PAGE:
Getting what you want.


Pathfinder First Edition General Discussion

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I noticed a trend when it comes to theorycrafting in preparation to play a character or advice given for character creation.

It is generally assumed that you will have certain equipment or that your best equipment will be the type of equipment you specialize in.

For example, if you're planning to play a monk, it's assumed that you'll eventually get an Amulet of Mighty fist. If you're a fighter, you're assumed to get a Gloves of Dueling or that you're definitely going to get you are going to be using a greatsword from lvl 1-20.

Now enhancement bonuses and minor crafting are a given but does anyone else see it as odd that nobody really assumes that loot is going to be very random and/or what you want to buy isn't available? I guess you could craft what you want but the need for stuff is usually relegated to the people who are the worst at it, so if you want it you have to spend some feats to do that rather than doing anything else you could be doing.

Do most GMs just hand out what their players want out of loot/shops? Fighters get 4 tiers of weapon training, does 2-4 ever even get used?


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As a GM, it depends where the campaign is going to be. A campaign set far from civilization, or with only the tiniest settlements around isn't going to have great access to the supplies that anybody wants, and you're more likely to have to work with what you find in such a case.

In a big metropolis (or once you've got the resources to teleport to a big metropolis for shopping), yeah, you can expect to buy basically whatever you want, short of outright artifacts.


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-Get s$@~ty random loot.

-Go to city.

-Sell s#*$ty random loot.

-Buy stuff you want.

Simple as that.

In a sufficiently large city anything is readily available. By the time only a Metropolis can suit your needs, someone in the party should have Teleport.


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just like your other thread, OP
to each their own


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Personally I hope that my DM gives me what I want. I'm a player; I'm not really entitled to anything my DM doesn't give me. My DM is lord and god; all that he says and gives is all I'll ever need to survive in his hurtful world. I exist purely by his grace. I like to bring him pizza on game night, stroke his ego a bit and hope for a magic greatsword since I specialized in that. If he instead graces me with a magic dagger instead I must have not worshipped him correctly and therefore he is angry; I must appease him by spending loot and downtime to re-train my feat to specialize in daggers instead.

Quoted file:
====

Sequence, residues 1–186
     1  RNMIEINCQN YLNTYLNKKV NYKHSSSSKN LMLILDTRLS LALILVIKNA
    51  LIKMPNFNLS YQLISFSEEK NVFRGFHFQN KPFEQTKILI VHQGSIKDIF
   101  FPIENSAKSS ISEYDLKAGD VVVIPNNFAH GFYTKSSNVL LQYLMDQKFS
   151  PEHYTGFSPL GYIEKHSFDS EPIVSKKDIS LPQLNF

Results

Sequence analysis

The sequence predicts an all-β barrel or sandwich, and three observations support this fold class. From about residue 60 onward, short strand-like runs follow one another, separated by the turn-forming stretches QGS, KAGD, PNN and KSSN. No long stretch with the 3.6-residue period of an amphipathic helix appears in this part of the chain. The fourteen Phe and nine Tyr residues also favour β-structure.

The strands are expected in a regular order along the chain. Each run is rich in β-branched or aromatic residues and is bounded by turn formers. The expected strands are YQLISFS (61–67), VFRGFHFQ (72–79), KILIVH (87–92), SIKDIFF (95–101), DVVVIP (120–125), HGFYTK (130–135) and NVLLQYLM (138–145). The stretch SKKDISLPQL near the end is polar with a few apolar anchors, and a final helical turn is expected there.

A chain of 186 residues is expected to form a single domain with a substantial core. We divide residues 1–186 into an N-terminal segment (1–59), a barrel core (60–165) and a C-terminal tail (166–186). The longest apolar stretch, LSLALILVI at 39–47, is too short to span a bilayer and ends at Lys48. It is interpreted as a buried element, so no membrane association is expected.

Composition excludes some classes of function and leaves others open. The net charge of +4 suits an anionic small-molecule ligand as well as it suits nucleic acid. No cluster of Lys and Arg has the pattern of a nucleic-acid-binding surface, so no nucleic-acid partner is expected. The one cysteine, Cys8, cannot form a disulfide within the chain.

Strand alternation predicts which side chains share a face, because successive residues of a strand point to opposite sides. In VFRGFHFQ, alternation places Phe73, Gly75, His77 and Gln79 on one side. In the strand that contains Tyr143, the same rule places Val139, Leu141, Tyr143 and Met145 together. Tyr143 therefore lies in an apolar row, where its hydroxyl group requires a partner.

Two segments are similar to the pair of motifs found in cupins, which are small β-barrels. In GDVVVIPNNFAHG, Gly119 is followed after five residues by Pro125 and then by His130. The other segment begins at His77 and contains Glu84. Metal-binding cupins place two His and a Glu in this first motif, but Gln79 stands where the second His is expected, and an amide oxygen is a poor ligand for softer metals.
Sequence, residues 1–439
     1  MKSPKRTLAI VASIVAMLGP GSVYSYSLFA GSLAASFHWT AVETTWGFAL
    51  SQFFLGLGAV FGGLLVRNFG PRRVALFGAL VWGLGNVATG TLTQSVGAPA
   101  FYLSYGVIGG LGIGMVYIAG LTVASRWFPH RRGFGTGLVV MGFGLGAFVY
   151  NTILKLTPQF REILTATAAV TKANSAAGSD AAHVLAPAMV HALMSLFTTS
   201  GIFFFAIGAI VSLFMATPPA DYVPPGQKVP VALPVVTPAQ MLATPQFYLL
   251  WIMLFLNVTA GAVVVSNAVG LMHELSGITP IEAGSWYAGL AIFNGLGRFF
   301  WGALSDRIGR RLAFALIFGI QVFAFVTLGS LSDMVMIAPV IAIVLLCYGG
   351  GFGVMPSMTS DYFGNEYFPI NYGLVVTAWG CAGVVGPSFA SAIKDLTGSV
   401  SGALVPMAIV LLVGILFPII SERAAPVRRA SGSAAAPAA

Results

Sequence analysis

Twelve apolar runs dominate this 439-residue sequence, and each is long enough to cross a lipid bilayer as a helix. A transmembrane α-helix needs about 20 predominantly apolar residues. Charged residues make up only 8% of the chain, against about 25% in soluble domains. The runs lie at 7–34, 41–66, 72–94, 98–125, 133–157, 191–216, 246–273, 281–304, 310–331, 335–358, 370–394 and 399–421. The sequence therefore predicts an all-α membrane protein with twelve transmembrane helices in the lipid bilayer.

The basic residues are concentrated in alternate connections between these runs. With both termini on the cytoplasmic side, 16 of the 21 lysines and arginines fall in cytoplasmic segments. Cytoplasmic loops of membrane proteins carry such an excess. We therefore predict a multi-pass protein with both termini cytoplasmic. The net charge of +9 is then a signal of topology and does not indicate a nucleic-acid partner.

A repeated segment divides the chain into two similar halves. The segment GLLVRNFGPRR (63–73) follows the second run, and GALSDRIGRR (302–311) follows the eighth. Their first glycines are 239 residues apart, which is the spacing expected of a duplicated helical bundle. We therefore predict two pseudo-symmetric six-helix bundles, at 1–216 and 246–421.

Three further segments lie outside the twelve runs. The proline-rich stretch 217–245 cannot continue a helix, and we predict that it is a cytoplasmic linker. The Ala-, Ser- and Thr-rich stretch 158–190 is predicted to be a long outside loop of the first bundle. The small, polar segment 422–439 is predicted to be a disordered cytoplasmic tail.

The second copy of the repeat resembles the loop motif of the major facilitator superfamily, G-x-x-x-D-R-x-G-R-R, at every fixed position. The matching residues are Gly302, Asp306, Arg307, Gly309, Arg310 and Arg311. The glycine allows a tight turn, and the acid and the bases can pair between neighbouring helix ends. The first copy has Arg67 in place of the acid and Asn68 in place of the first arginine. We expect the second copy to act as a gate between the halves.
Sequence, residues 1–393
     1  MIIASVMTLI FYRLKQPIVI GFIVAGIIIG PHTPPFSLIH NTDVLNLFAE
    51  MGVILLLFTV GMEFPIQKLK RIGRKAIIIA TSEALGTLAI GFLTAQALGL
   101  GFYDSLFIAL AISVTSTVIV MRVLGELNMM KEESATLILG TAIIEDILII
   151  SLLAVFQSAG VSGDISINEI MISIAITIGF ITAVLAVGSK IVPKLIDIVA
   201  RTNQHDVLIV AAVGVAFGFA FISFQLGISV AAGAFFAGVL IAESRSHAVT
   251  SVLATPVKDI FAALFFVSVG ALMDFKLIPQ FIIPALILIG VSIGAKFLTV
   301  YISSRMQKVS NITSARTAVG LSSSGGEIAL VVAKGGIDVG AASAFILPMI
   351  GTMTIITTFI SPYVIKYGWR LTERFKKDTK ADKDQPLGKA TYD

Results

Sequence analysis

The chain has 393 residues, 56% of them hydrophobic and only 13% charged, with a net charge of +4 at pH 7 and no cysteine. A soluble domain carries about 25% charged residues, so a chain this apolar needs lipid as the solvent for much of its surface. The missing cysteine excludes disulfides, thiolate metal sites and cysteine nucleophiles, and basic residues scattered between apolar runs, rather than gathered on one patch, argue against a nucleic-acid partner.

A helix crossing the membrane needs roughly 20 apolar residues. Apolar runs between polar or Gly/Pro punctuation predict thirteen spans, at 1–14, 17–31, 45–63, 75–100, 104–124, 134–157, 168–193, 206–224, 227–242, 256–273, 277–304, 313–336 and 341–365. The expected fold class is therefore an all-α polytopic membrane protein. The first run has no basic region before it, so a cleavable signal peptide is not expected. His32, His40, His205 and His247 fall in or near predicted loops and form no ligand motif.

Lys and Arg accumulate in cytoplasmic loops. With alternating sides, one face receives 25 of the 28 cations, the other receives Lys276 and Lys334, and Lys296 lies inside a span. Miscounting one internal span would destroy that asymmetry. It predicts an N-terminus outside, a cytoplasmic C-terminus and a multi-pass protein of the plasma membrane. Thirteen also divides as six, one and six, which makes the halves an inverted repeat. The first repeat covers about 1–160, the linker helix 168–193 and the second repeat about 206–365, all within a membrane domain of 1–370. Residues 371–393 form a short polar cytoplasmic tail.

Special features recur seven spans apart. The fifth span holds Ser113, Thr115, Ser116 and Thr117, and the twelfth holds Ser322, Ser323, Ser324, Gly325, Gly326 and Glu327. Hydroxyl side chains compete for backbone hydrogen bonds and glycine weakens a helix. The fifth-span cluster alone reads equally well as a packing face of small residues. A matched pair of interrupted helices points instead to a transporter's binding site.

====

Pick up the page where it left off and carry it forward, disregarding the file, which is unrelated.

...

Except that in PF, they're now called "GM" and players can make their own stuff if we let them. In PFS, they can buy their own stuff. Players don't have to live at the whim of the person running the game; they have ownership over their own builds. That includes the gear. To paraphrase Highlander: "Players cannot DIE McCloud; accept it."

But as Monty says with his big hat on: to each their own.


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Yes, I see this mainly as a matter of convenience. In most campaigns you will eventually have access to a place that can buy or sell magic. Thus that magic mace that your rogue finds is not really a mace but a certain amount of gold that needs to be traded for a magic rapier.

In order to "skip the middle man" many GM's eventually alter the treasure to fit the PC's. This is mainly a save time thing. If a party loves haggling and making due with random magic items (and some do) then a GM can let them find the random stuff.


Yeah, this has always been something that made me wary of specialization and things like exotic weapon feats.

Greatswords, longswords, daggers, bows, spears, and other such common martial and simple weapons? Sure, those will be common enough that it is believable people enhance them, and then they die horribly and add to a dragon's hoard. But a flying blade build? That might be a bit odd that you keep on finding better and better magical versions of those as you go on your journeys.

But it is something that is part of the basic concessions between players and GM. If the GM allows the player to make such a build, devote a ton of his feats to it, and then proceeds to make it impossible to find anything more than a masterwork version of the item, all without any warning at the beginning? That is a jerk move. A GM gains their role because they agree to allow players to play the character that are allowed in at the table.

If they allow some rather unlikely weapon builds, then providing a basic market or magical blacksmith is a given. Now, this is not to say that they should be given free reign, and be allowed to make whatever keen-vorpal-brilliant energy-furious-courageous-autowin-whosewhatitis they want. But a service that provides basic +1's that make builds at least vaguely feasible are almost a necessity.

If they really, really want that one special magical property, and no one in the party has the crafting feat, then why not make a quest out of it? A quest to either find an existing weapon of a famous fallen hero/villain, or to find some reclusive mountain blacksmith/special material needed by the current blacksmith seems somewhat reasonable. Make it something they have to earn, and even barter with other party members for. That will make it all the sweeter when they actually gain the item they worked so hard to obtain.